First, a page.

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Retinopathy of Prematurity (ROP)

By Lauren R. Rosecan, M.D., Ph.D., F.A.C.S. –

Retinopathy of prematurity (ROP) is an eye disease that occurs in a small percentage of premature babies where abnormal blood vessels grow on the retina — the light-sensitive layer of cells lining the back of the eye that help us see. The image at left shows examples of normal and abnormal blood vessel growth.

ROP occurs more frequently in smaller babies with very low birth weight or of an earlier gestational age. For instance, a 28-week premature baby has a greater risk of developing ROP than a 32-week premature baby.

In some cases, the abnormal blood vessels may shrink and go away without treatment. In other cases, the vessels may continue to develop and serious eye and vision problems may occur, such as:
. Myopia (nearsightedness)
. Detachment of the retina
. Amblyopia (lazy eye)
. Strabismus (misaligned eyes)
. Glaucoma (increased eye pressure)
. Vision loss or blindness

Retinopathy of Prematurity Causes
Doctors do not know for certain what causes ROP. Blood vessels in the eye normally finish developing in the last few weeks before birth. Premature infants, however, leave the protective uterus before blood vessels of the eye have had a chance to fully develop. The infants are then exposed to elements, such as medication, high levels of oxygen, and light and temperature changes. These factors may interfere with the normal development of blood vessels in the eye and cause ROP.

Other factors that may have an effect on ROP development include:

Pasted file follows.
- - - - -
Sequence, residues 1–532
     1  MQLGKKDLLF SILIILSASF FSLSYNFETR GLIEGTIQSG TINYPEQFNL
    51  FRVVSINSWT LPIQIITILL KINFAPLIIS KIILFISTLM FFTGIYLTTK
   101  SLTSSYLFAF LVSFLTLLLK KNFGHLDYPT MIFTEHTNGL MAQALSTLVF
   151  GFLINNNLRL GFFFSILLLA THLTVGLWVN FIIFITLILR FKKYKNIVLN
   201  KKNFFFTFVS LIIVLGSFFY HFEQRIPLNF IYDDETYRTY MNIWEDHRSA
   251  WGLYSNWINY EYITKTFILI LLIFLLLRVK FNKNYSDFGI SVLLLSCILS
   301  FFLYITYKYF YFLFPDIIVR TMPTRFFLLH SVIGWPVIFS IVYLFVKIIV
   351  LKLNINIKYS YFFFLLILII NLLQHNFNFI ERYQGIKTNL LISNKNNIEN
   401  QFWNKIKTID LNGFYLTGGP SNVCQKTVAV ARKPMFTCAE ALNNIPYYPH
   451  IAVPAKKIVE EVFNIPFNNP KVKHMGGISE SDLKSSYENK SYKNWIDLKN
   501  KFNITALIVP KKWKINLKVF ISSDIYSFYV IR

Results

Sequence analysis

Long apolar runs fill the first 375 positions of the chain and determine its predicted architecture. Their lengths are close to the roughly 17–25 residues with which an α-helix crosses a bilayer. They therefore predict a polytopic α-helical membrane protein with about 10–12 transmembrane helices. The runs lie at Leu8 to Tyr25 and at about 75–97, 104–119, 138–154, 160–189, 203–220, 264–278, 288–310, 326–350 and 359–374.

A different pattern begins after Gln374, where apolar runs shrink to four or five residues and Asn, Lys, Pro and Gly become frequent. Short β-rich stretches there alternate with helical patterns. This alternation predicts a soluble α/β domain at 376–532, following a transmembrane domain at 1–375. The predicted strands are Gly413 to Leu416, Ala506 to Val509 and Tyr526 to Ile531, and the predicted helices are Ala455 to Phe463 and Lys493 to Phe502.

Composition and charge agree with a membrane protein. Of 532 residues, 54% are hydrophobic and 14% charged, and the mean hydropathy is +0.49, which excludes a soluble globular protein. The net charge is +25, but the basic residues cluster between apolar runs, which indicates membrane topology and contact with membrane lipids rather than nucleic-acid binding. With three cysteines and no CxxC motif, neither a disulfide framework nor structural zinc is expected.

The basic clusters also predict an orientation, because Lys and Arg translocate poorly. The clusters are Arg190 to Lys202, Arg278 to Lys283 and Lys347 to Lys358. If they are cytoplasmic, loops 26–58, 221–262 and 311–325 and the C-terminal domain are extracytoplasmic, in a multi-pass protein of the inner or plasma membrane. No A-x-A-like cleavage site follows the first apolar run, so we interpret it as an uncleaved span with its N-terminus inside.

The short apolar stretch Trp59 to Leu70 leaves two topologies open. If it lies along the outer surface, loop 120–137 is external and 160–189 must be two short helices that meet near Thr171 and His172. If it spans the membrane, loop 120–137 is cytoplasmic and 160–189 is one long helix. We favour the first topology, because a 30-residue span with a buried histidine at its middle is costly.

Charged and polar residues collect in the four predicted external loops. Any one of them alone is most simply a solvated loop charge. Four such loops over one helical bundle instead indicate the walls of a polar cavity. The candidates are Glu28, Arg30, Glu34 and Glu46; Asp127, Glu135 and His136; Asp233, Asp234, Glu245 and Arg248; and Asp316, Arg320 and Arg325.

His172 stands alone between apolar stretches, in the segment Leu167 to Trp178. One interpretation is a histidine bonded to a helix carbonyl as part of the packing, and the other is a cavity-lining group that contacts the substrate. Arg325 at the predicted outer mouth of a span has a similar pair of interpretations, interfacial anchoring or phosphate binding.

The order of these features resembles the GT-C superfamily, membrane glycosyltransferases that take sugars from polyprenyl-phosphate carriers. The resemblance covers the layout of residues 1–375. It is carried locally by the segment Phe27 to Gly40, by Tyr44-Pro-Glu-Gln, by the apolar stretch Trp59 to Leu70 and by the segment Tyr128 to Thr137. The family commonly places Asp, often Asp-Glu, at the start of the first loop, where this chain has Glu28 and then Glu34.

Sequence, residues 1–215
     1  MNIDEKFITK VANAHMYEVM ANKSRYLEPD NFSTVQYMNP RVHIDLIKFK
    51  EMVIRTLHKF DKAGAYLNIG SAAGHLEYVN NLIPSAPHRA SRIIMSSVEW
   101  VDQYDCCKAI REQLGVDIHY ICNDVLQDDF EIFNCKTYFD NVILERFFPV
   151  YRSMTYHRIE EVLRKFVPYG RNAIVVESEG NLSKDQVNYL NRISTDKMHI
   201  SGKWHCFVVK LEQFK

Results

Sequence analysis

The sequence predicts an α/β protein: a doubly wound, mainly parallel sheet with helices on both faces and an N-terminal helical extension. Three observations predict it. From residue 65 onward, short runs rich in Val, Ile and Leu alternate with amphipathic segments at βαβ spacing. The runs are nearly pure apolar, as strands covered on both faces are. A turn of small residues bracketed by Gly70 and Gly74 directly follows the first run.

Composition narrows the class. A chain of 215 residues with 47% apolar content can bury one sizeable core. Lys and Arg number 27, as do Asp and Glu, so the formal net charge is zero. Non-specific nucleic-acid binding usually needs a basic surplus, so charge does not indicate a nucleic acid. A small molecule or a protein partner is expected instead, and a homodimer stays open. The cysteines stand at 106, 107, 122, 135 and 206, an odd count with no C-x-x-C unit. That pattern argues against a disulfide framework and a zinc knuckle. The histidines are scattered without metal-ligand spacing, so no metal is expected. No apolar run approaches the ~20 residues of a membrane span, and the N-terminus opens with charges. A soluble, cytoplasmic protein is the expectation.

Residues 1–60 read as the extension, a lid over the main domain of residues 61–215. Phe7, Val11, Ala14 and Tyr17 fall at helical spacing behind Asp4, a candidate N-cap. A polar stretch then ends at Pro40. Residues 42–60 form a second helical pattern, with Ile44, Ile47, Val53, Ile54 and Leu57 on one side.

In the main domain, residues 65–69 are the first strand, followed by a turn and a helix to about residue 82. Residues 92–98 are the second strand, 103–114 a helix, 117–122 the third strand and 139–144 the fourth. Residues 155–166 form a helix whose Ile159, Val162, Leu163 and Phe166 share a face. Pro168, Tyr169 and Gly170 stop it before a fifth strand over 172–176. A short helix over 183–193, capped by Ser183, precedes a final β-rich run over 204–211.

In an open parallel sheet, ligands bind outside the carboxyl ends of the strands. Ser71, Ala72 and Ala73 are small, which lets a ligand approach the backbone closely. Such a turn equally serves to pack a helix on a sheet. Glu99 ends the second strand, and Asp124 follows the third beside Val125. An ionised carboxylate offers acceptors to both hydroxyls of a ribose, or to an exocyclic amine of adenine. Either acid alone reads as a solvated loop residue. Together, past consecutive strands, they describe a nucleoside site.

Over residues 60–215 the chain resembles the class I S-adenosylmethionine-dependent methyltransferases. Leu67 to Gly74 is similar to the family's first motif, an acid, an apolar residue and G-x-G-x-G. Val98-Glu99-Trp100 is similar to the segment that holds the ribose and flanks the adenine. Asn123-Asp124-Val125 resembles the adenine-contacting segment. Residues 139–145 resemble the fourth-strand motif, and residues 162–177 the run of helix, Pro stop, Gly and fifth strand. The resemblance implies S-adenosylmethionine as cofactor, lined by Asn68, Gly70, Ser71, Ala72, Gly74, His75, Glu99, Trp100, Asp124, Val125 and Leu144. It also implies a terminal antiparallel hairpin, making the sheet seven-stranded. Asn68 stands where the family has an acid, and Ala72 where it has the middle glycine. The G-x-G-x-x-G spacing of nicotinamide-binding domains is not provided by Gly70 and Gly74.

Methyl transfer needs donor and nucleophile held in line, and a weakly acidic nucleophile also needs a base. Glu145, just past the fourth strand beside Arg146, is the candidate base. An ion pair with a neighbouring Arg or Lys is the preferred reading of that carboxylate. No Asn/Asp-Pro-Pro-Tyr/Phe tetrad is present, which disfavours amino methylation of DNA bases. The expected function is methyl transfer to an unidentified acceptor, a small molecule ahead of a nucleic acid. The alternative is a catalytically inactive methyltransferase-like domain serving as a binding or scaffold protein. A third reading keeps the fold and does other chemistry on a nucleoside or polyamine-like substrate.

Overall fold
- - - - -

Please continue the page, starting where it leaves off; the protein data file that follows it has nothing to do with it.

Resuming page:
. Low birth weight
. Low gestational age
. Use of supplemental oxygen after birth
. Vitamin E deficiency
. Race (Caucasians are more at risk than African-Americans)
. Anemia
. Respiratory complications

ROP: Retinopathy of Prematurity Diagnosis
Premature babies should be screened for ROP and all other at-risk illnesses shortly following birth. An ophthalmologist (Eye M.D.) can diagnose ROP during an examination of the baby’s eyes in a hospital’s neonatal intensive care unit (NICU) or nursery.

Sometimes ROP may not be detected until several weeks after birth. Therefore, premature babies at risk for ROP should also have their eyes examined by an ophthalmologist four to six weeks following birth. If ROP is diagnosed, the exams should continue regularly until the abnormal blood vessel growth goes away on its own or is adequately treated by the ophthalmologist.

ROP: Retinopathy of Prematurity Treatment
Early stages of ROP do not require any treatment. If ROP advances, laser treatment is used to eliminate the abnormal blood vessels.

Treatment for vision problems may include one or more of the following:
. Eyeglasses
. Eyedrops
. Temporarily patching one eye (to treat amblyopia)
. Eye surgery

All premature babies and babies with ROP need to be followed closely for vision problems.

Talk with your Eye M.D. if you have any questions about your eyes or your vision, at any age.

Lauren R. Rosecan
M.D., Ph.D., F.A.C.S.
The Retina Institute of Florida with four offices
conveniently located in Palm Beach and Martin Counties.

Toll Free Phone Number: 1-800-445-8898 Or 561-832-4411

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